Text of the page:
When, Why, and How to Go Mobile: What options do you have?

“Hello, I need to create a mobile app. I want it to run on all platforms and reach as many potential customers as possible. At the same time, I need to quickly turn free users into paying customers. I want the app to be swift and sexy. And yeah, I have very limited resources, and I need it yesterday. Can you give me a price estimate? ”

Sound familiar? Have you ever had to deal with anything like this? And which side were you on? At Applifting, we act as the supplier. And it happens a bit too often.

Our task is to outline the possibilities, explain the pros and cons, board a helicopter and look at the whole problem from a bird’s eye view, in the broader context of the product itself. And because we want to look at it in detail, we prepared a series of three articles for you. So make yourself a cup of coffee, get comfortable.

What are the options?

Let’s take it from the top. If we talk about a mobile application, you probably imagine an app on either Google Play, AppStore, or AppGallery in China. But it’s not that simple. You can achieve the desired effect with either web-based solutions, e.g. Single Page Application (SPA) or Progressive Web Application (PWA), a Native Wrapper (Ionic, Cordova, …), or with the help of Hybrid or Native technologies.

Well, that escalated quickly. Let’s go through it nice and slow.

I mention the SPA first. It is an app that runs in a web browser and dynamically generates and updates its content without having to refresh the page. Everyday examples include Gmail, Google Maps, Netflix, or HBO GO.

Then there are PWAs. These are web applications that have additional functionalities beyond your typical web apps at the cost of minor architectural changes and the addition of so-called service workers. This means there is some extra work, but mobile users can “install” the app, use push notifications, or access some other phone functions to a limited extent. These applications are almost like native apps, except that they aren’t.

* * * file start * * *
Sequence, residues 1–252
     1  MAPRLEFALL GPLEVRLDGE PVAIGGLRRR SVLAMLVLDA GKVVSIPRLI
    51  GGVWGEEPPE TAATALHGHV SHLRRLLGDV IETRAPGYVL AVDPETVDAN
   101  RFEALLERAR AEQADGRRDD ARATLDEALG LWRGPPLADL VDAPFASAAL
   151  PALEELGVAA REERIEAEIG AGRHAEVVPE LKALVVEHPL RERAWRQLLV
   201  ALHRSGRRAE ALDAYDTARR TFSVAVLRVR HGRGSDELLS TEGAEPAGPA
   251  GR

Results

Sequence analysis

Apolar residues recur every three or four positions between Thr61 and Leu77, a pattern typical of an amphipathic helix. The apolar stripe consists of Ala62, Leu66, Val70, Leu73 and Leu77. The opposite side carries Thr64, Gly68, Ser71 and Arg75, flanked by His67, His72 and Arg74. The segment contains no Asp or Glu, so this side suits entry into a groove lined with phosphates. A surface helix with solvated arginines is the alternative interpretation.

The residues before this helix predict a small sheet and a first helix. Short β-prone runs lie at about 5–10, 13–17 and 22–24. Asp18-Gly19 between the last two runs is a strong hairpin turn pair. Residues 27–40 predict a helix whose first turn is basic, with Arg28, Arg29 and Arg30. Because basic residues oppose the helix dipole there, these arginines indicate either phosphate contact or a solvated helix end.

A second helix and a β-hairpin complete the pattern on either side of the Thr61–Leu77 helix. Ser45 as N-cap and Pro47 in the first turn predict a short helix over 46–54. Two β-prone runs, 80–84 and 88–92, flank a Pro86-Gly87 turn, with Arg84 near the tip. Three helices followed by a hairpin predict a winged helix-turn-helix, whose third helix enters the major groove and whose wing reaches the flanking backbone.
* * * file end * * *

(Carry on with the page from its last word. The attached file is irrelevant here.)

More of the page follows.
I will only mention Native Wrappers in passing. They represent an intermediate stage between web and mobile apps. You take the web app, wrap it in native code, and send it to the store. There are several ready-to-use native wrappers, such as Ionic or Cordova. So with a little extra effort, we inch ever closer to going native.

As for hybrid technologies, we had been giving them a pass for a long time at Applifting. We had a few unsuccessful runs with Xamarin, so it was a closed chapter for us. We skipped React Native altogether, and it was only with Flutter that we jumped back in. Therefore, whenever I talk about hybrid technologies in this article, I focus primarily on Flutter. So how does it work? You write one code and then build the app for both platforms, Android and iOS. A pretty interesting way to cut costs.

And last but not least, you can opt for a purely native approach which works with two codebases, Swift for iOS and Kotlin for Android. The overhead expenses might be on the more expensive side of native development, but you get everything you could ask for from a mobile app.

Are things starting to make sense now? It might be a bit too vague at the moment, so let’s rest for a while. Next time we’ll take a look at the pros and cons of each of the approaches above. I believe it will definitely start making sense once we get into that.

Jan Hauser, CEO UK at Applifting

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